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Stress & Absence
by Philip - Saturday, 4 May 2013, 06:20 PM
Stress tops list of long-term absence reasons

StressStress is now the number one cause of long-term sickness absence according to new research from the CIPD and Simplyhealth.

This year’s Absence Management survey from the CIPD reveals that stress has taken over from musculoskeletal problems as the most common cause of absence for both manual and non-manual workers. Almost 40% of employers said that sickness absence due to mental health problems had increased in the last year, while only 12% said it had decreased.

Several commentators have highlighted the link between the rise in mental health problems and job insecurity. In the CIPD study, employers planning redundancies were more likely to report an increase in stress-related absence (51%) than other employers (32%).

The research suggests that tougher workloads, having a “bad” boss and the fear of being made redundant are among the top factors piling the pressure on UK employees. An increased strain on family life and relationships, largely due to money worries in the current economic climate, may also be adding to a “vicious circle” of workers’ woes, according to some experts.

There is a particular increase in stress-related sickness absence among public sector organisations, with 50% of respondents reporting an increase.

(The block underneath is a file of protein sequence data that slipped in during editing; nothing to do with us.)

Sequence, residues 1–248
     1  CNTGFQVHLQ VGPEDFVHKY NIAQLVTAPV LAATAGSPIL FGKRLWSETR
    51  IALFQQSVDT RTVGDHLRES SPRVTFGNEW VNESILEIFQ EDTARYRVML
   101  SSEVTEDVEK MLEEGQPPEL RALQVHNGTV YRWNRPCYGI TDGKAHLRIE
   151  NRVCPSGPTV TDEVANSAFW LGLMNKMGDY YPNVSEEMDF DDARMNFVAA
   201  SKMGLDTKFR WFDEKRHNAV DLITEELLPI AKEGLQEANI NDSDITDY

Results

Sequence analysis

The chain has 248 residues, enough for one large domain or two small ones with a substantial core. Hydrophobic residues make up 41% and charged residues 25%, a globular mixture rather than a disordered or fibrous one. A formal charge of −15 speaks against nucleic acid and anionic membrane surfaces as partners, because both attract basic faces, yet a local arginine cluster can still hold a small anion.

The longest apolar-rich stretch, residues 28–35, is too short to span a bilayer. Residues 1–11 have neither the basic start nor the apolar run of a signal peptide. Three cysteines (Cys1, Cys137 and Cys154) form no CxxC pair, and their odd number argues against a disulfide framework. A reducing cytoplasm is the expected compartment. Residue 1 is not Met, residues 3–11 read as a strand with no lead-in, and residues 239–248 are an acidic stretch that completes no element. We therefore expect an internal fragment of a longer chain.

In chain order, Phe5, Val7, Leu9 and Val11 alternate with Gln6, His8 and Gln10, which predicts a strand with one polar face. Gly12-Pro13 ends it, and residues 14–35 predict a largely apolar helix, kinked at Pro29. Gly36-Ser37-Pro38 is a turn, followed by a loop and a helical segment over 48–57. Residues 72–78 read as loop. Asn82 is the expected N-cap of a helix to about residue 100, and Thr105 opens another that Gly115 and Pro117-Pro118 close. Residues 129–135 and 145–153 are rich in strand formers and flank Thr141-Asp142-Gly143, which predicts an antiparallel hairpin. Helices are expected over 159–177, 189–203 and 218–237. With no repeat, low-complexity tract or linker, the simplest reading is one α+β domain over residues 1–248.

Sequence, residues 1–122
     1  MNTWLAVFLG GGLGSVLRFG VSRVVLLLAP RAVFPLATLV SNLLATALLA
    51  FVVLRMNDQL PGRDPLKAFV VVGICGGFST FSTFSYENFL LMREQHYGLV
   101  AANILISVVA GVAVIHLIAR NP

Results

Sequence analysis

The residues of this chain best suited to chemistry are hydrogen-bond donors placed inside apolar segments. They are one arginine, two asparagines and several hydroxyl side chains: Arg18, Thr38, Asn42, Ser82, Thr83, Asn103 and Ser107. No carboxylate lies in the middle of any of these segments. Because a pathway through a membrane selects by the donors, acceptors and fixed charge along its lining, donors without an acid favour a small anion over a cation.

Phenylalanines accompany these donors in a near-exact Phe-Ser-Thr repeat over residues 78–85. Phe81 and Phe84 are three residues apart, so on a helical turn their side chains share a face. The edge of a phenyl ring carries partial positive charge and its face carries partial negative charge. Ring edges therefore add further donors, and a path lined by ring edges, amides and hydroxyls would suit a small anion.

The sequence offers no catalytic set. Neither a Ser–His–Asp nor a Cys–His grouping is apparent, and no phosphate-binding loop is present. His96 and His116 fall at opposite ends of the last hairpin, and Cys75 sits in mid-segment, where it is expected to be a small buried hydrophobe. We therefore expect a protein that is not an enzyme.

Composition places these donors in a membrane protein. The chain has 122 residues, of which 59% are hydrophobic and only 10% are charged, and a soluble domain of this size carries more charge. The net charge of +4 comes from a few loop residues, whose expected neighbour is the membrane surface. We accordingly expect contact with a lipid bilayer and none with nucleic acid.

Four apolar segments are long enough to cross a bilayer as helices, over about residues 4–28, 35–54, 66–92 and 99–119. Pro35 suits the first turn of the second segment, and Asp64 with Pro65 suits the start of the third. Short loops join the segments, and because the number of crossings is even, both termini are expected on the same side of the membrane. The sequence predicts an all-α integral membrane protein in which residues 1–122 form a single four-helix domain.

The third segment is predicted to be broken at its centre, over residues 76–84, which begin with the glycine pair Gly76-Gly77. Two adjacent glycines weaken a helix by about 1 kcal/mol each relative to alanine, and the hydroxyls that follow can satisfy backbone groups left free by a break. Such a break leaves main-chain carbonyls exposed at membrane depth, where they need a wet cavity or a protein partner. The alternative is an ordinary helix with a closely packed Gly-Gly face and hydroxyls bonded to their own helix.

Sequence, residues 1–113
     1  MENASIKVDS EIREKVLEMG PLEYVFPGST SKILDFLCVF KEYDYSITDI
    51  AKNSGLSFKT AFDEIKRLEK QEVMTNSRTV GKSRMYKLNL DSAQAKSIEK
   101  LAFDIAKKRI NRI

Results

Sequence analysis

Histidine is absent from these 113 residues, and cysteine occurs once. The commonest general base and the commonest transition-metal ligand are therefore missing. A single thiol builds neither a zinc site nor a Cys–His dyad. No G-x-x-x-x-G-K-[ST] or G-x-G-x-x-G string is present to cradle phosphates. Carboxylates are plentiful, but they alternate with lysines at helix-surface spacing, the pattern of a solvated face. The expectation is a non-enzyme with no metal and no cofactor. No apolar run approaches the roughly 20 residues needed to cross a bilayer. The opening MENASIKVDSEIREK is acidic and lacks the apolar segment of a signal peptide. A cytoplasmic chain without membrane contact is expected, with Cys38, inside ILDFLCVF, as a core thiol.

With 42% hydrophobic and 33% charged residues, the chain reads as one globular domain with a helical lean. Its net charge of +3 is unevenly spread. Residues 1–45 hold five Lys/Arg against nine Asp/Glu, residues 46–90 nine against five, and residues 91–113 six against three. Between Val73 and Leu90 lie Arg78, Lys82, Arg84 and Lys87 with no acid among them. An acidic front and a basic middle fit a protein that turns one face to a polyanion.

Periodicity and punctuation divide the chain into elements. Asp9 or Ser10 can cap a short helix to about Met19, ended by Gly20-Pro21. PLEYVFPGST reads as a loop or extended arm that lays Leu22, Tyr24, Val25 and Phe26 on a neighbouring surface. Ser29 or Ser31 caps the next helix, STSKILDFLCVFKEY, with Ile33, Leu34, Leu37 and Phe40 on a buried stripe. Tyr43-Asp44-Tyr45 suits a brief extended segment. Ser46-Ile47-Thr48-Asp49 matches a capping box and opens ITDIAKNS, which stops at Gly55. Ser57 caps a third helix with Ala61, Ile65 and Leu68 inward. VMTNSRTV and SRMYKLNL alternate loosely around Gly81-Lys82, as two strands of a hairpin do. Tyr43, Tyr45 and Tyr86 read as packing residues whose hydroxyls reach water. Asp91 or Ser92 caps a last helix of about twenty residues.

Overall, employee absence levels have remained relatively stable, with an average of 7.7 days lost per employee. Public sector absence stood at 9.1 days, a slight improvement on last year, while private sector absence was 7.1 days, slightly worse.

CIPD adviser Jill Miller said: “The survey this year shows that stress is for the first time the number one cause of long-term sickness absence, highlighting the heightened pressure many people feel under in the workplace as a result of the prolonged economic downturn.

“Stress is a particular challenge in the public sector where the sheer amount of major change and restructuring would appear to be the root cause. To a large degree, managing stress is about effective leadership and people management, particularly during periods of major change and uncertainty.

“Line managers need to focus on regaining the trust of their employees and openly communicating throughout the change process to avoid unnecessary stress and potential absences. They also need to be able to spot the early signs of people being under excessive pressure or having difficulty coping at work and to provide appropriate support.”

Gill Phipps, HR spokesperson at Simplyhealth, added: “Stress can often have a negative effect on the workplace, which can result in loss of productivity and disengaged employees. It’s therefore encouraging that almost half of employers have a wellbeing strategy in place.”

The survey also revealed some evidence of an increase in ‘presenteeism’ with 28% of employers saying that employees were now more likely to come to work despite being ill. Organisations where presenteeism was noted were more likely to have also experienced an upturn in stress.

People Management Magazine; 5 October 2011.
The Daily Telegraph; Friday 14 October 2011.

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